A Hard Day’s Night: Criterion Releases 4K UHD

L-R: Paul McCartney, George Harrison, Ringo Starr, and John Lennon in The Beatles in A Hard Day's Night. Courtesy of Bruce and Martha Karsh/HDN, LLC./Janus Films.

Starring The Beatles, A Hard Day’s Night is the latest classic title to get a 4K Ultra HD upgrade from The Criterion Collection.

Richard Lester, who also plays piano and turns 90 years old on January 19, approved the new 4K digital restoration. Fans have three different audio options to choose from: a monaural soundtrack, stereo, and 5.1 surround mixes supervised by sound producer Giles Martin at Abbey Road Studios. The sound mix is presented in uncompressed monaural, uncompressed stereo, and DTS-HD Master Audio. A Hard Day’s Night can be found on both the 4K UHD disc and Blu-ray. However, all of the bonus features are on Blu-ray.

Their first feature film is less documentary but more of an exaggerated version of their lives. All you really need to know about the film is that A Hard Day’s Night depicts the 36 hectic hours leading up to a television performance. What can possibly go wrong? It turns out that anything that can go wrong will go wrong! But in any event, director Richard Lester captures a zeitgeist in action. Life for The Beatles would never be the same following 1964. They were already a hit in the UK but their arrival to the US was much-needed for the country’s mood.

The Blu-ray includes documentaries that go behind the scenes. The early 1960s were not kind to music on film. A Hard Day’s Night would help change this. Production took place following their first US tour in 1964, starting in March and ending in April. If you want to talk about how quickly the filmmakers had a final product in hand: the UK release was on July 6, 1964. The American release followed just over a month later. Interestingly, a United Artists executive also wanted to dub The Beatles with mid-Atlantic accents. I’m sorry, what?!?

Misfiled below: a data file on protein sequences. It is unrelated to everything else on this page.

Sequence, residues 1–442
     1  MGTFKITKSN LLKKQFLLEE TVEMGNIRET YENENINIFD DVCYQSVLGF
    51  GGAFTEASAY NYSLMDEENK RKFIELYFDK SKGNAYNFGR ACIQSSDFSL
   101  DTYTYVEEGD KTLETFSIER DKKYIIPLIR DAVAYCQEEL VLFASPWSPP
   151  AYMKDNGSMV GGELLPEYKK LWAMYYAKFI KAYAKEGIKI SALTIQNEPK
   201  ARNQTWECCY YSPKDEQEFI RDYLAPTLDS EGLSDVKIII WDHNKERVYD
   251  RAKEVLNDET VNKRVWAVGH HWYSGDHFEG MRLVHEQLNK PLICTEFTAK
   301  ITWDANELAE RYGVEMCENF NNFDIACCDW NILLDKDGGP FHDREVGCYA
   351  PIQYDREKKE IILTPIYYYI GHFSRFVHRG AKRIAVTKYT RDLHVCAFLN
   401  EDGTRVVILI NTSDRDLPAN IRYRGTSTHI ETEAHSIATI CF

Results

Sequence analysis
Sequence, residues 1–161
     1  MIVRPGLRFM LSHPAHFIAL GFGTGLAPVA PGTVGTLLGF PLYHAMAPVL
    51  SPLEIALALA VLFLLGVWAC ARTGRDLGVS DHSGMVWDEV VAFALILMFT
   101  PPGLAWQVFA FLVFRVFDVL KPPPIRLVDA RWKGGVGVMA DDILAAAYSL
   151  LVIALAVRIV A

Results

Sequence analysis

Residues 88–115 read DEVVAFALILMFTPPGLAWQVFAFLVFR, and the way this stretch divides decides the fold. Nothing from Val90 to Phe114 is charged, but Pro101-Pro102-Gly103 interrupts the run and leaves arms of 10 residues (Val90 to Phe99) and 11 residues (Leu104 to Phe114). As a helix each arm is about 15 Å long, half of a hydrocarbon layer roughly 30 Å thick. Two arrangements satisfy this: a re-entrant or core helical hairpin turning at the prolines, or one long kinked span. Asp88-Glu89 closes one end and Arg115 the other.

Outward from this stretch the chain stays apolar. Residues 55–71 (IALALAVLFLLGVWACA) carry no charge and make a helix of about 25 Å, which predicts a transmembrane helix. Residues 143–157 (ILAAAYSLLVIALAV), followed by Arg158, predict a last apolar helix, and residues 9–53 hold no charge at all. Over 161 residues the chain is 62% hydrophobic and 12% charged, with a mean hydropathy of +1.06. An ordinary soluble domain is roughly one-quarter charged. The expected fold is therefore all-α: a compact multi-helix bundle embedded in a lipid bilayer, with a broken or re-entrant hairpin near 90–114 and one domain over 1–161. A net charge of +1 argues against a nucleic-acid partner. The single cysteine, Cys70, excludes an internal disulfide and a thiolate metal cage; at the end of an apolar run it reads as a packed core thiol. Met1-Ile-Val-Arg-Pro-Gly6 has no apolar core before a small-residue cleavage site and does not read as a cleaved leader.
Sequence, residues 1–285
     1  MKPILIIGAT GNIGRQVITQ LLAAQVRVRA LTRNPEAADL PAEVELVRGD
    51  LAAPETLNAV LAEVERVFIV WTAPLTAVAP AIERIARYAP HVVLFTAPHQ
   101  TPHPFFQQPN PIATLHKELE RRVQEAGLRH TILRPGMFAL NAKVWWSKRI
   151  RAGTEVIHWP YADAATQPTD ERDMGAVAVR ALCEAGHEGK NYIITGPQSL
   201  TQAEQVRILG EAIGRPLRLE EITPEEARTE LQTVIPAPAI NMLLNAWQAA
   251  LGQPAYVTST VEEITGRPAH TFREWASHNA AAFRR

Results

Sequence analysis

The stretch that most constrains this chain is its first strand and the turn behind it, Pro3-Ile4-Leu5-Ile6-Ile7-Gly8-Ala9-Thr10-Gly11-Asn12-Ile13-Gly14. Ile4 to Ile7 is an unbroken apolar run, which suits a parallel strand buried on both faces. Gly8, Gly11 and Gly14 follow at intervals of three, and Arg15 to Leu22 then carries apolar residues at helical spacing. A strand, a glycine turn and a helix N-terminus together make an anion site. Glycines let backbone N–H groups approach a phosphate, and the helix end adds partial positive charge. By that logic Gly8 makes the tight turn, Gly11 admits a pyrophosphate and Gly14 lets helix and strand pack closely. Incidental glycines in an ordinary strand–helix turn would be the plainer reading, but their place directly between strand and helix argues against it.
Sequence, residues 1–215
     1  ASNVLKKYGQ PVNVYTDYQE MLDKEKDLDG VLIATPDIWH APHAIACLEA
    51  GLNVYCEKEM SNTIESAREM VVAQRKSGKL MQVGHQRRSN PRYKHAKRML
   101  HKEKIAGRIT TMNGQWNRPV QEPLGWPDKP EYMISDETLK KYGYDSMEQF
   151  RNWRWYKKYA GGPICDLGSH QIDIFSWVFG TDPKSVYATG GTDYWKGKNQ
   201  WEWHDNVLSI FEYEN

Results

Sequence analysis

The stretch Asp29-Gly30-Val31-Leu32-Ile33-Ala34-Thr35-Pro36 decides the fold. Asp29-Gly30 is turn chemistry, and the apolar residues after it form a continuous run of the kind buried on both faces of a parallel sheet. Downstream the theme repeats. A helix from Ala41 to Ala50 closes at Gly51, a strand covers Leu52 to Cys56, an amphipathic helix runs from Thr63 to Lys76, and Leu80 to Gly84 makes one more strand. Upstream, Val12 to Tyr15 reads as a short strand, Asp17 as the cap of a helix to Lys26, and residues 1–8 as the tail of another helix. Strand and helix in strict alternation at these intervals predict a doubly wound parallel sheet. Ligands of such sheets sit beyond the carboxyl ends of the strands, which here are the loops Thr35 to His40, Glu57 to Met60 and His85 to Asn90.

Alun Owen discusses their first meeting in a documentary on the Blu-ray. Owen’s Oscar-nominated screenplay has no shortage of comments about the band’s fame. Take John Lennon’s encounter with Millie (Anna Quayle). Millie believes that Lennon is Lennon but Lennon denies it. Ultimately, Lennon comments that “she looks more like him than I do.” Meanwhile, Wilfrid Brambell is frequently referred to being clean in his portrayal of Paul’s grandfather. The funny thing about this is his character on Steptoe and Son is the complete opposite. But unless you knew anything about the British television series, the joke went over your head.

Let’s talk about the use of music for a moment. If you don’t cut at the right moment, it won’t work. In this film, the music works because of both Richard Lester’s choices as director and editor John Jympson. Take the opening moments the film. George Harrison trips and falls. John Lennon looks back and he’s suddenly laughing. Most filmmakers would probably ask for another take. Right off the bat, the opening of A Hard Day’s Night sets the tone for the rest of the film. Help! is more pioneering in terms of music videos but “Can’t Buy Me Love” is sheer perfection and predates the MTV generation. Another music sequence is “I Should Have Known Better” transitions in and out of them playing cards. Pay attention to how the shots are used when you watch it again.